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Monday, February 21, 2011

Property, neighbourhood and the feel good feeling

We all get excited whenever a friend or a family member buys his first property, be it an apartment or a house.

We look forward to the house-warming party where we can freely give advice on how to transform the house into a home.

These days, however, I notice that the topic of conversation has shifted quite a bit.

The talk is more likely to centre on how much the property is worth, how much it will appreciate in six months, and where the next property hotspot is.

You get the feeling that if someone at the party is willing to offer him a good price, this new owner will be more than happy to move out immediately.

It is a reflection of the times, I suppose, when people have the means to either buy property to live in forever, or for short-term investment purposes.

Whatever the purpose, we have the right to be concerned whenever a new project is proposed, especially if there are serious social, health and environmental concerns involved.

It is not fair to always use the term Not in My Back Yard (NIMBY), or the derivative Nimbyism, pejoratively to describe opposition by residents to a proposal for a new development close to them.

In planning projects for the common good, we should allow active debate on the pros and cons.

But what if the main concern is more about the value of one's property being affected, as revealed in recent debates on the mass rail transit (MRT) project?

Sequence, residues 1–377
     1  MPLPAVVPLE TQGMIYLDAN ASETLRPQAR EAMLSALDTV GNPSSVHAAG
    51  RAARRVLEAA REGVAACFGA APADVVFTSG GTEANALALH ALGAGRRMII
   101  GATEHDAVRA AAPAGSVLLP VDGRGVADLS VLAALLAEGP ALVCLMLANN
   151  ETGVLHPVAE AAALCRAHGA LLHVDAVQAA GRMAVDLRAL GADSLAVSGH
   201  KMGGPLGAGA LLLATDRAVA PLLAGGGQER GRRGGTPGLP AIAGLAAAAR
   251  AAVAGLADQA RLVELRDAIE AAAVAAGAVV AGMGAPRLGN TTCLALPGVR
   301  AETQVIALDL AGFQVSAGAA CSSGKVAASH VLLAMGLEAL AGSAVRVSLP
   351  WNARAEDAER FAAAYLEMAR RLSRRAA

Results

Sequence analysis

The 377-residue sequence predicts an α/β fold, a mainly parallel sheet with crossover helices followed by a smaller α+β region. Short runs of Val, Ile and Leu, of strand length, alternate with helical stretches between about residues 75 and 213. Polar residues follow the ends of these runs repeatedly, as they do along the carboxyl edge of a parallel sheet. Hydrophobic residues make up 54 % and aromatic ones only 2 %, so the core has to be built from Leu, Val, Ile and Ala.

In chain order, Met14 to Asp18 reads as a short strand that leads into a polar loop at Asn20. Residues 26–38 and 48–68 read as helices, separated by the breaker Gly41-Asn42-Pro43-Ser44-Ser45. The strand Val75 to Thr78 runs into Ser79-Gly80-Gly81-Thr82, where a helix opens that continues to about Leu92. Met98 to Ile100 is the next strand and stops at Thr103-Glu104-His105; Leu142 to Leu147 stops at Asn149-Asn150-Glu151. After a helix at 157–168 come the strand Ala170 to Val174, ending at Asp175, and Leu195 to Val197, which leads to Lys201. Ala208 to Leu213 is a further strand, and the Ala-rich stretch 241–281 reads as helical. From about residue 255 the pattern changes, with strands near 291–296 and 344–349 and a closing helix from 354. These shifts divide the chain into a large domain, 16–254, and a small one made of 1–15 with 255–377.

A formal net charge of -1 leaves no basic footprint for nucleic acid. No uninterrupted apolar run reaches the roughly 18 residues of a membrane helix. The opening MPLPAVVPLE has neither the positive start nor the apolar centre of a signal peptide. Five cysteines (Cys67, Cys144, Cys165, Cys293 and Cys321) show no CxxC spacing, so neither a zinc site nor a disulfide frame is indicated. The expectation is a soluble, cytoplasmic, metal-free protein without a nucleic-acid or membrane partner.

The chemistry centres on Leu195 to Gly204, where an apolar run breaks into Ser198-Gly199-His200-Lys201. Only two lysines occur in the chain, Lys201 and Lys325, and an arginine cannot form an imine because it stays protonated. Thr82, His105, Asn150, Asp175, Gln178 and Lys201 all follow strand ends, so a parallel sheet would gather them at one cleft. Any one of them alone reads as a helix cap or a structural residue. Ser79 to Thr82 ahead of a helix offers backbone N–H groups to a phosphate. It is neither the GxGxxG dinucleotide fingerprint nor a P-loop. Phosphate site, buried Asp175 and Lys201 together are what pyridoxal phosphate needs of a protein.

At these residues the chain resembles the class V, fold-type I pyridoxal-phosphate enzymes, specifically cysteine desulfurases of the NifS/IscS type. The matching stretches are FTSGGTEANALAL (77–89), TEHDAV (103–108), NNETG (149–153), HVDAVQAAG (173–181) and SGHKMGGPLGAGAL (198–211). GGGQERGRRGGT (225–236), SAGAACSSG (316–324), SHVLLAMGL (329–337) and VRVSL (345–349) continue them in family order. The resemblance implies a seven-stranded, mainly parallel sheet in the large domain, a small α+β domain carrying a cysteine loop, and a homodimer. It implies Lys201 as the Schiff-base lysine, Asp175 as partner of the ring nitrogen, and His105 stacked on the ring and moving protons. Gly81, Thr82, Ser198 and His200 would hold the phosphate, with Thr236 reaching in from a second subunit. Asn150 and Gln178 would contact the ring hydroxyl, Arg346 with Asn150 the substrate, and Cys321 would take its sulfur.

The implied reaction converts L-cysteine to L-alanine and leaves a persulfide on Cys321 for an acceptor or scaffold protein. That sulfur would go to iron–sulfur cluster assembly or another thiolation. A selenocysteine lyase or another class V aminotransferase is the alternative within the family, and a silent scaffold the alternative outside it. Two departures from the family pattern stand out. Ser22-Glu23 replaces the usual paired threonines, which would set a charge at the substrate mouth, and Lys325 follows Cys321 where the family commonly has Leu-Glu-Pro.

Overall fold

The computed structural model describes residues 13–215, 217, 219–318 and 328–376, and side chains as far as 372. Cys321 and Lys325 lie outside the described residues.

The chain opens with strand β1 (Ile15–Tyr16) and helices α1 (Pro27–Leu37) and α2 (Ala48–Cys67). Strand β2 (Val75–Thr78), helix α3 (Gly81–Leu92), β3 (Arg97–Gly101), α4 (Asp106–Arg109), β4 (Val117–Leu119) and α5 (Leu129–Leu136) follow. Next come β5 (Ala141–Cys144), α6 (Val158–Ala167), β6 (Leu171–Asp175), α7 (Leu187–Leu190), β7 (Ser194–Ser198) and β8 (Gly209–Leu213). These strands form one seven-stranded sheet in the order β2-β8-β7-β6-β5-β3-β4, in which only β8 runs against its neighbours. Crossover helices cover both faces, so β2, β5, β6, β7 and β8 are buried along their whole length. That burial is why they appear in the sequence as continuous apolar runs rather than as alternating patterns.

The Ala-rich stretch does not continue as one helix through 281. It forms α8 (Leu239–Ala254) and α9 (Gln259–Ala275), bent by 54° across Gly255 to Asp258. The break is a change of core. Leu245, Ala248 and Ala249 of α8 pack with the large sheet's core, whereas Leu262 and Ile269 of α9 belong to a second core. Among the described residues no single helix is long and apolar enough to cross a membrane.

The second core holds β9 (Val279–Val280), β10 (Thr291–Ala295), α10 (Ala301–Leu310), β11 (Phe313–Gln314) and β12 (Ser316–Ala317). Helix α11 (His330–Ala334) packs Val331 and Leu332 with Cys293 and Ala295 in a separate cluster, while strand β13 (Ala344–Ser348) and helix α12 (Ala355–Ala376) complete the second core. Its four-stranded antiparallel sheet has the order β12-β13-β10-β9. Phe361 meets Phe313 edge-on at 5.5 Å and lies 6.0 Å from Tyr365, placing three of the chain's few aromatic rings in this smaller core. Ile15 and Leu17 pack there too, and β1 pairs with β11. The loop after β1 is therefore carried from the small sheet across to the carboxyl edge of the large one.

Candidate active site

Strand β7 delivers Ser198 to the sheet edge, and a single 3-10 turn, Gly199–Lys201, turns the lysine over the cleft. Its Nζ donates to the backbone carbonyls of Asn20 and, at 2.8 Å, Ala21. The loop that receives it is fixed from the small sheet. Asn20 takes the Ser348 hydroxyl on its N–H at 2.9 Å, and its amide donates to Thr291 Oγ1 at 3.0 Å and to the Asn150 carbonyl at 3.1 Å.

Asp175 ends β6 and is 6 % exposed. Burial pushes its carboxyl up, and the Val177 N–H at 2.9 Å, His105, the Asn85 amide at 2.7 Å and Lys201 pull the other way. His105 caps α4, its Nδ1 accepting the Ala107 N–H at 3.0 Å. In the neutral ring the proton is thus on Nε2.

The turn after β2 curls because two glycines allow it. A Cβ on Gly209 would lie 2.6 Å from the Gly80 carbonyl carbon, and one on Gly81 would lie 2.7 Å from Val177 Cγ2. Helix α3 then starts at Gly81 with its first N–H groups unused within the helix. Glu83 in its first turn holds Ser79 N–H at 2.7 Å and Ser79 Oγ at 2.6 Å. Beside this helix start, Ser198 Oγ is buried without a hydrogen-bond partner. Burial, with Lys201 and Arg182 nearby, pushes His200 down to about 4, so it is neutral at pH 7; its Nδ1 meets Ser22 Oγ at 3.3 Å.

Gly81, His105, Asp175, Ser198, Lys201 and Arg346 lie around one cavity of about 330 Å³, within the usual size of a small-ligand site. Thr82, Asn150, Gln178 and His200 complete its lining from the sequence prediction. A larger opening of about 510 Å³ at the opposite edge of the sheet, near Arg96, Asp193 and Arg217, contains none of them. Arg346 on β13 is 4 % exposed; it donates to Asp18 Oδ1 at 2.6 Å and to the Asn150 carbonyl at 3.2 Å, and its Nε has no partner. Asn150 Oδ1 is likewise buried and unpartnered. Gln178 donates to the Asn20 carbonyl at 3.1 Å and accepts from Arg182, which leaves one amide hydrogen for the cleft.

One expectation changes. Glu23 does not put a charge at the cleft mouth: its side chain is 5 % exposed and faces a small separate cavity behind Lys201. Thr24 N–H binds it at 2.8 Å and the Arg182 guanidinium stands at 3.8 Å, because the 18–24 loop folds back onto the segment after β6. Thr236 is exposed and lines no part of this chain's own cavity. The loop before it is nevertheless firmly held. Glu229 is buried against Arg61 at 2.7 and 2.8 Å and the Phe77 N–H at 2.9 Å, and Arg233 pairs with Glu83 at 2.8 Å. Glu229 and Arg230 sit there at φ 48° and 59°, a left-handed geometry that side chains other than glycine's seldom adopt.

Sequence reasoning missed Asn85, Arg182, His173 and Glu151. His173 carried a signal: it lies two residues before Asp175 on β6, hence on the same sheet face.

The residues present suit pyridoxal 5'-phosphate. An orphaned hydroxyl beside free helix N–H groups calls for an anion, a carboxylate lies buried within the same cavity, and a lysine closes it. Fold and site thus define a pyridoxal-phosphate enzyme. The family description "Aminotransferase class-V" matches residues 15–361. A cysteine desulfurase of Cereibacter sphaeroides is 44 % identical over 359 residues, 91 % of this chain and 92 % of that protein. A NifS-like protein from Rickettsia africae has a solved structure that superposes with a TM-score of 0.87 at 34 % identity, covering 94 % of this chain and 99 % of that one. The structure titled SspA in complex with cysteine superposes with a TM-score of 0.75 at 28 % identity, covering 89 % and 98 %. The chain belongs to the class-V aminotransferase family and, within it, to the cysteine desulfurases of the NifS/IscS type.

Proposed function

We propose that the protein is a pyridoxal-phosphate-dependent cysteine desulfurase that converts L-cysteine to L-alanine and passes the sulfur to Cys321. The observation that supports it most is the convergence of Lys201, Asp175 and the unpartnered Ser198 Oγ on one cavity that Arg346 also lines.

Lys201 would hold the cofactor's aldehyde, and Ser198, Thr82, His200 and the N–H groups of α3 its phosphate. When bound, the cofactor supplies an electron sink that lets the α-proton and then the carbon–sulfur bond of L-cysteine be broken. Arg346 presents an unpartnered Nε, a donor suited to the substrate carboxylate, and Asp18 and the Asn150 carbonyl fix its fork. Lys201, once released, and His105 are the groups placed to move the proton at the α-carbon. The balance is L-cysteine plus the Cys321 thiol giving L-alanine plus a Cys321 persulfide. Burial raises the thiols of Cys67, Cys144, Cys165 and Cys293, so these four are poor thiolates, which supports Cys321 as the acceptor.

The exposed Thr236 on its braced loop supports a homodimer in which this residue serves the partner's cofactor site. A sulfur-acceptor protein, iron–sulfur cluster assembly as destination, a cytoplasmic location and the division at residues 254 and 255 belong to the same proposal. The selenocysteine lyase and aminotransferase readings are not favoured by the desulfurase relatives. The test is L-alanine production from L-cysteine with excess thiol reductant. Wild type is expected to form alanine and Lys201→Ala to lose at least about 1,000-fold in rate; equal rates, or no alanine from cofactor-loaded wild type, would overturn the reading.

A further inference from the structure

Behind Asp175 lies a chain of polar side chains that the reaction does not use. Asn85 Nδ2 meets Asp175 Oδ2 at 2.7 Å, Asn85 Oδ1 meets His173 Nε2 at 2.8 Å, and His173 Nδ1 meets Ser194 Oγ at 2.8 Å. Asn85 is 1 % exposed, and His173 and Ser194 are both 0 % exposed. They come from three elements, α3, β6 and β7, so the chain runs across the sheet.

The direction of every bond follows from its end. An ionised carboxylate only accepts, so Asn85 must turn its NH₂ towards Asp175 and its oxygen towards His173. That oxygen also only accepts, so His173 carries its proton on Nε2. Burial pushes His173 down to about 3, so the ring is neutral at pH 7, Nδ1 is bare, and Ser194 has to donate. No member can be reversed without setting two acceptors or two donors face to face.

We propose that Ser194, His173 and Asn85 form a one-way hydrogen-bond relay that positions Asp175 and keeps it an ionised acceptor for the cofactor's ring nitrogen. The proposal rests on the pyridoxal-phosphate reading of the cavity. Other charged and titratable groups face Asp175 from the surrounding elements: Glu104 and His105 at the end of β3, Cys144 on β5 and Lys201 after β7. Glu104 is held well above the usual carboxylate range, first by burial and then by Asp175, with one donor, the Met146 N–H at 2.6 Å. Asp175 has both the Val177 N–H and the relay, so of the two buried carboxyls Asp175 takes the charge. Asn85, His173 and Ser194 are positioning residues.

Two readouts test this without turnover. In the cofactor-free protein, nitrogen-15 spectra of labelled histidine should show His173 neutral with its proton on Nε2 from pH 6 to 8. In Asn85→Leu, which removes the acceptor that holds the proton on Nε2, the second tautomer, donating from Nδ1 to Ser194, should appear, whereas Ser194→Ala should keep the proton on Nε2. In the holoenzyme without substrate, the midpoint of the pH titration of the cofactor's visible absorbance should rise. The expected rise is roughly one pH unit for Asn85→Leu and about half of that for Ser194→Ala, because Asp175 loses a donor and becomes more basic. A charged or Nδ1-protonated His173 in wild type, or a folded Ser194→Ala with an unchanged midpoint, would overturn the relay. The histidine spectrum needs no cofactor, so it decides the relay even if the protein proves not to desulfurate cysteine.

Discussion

My colleague, Thean Lee Cheng, wrote last week that the 50km MRT line will affect 91,900 properties along the way. Of these, 82,700 units, or 90%, will be residential units with a total population of about 341,000. About 40% of these are located in the Sg Buloh-Semantan area, and 46% in the Cheras-Kajang area.

She quoted a source who argued that “if you can hear it, see it, feel the vibration, but cannot access it, your property will be negatively impacted. You want it (MRT) close, but not too close.”

Granted there will be an impact on property prices, but where are the loudest voices of protest coming from?

Many of us are blessed just to have a simple property that we can call home. We work hard to pay off the bank loan and probably another loan we take for our Malaysian-made car.

If there is an efficient public transport system, we might even be able to get by without a car. For those who never take public transport, they might still appreciate having fewer cars on the road.

When I first moved into my neighbourhood 25 years ago, there was plenty of open space where I would take my boys to play.

Over time, I watched the space being gobbled out by a potpourri of projects, some of which I appreciated, but not all. I am thankful for the park, the police station, the public health clinic, the stadium, the many banks, the little Giant and the big Giant, the fast-food joints, and of course the LRT line.

I am not too happy with the upcoming shopping complexes across the highway as I am quite sure it will create some havoc on the roads on my side.

But, on balance, as with anything in life, one has to take the good with the bad. We may not be able control the circumstances of what goes on in our neighbourhood, but we certainly can control our attitude towards these changes. That, after all, is what life is all about.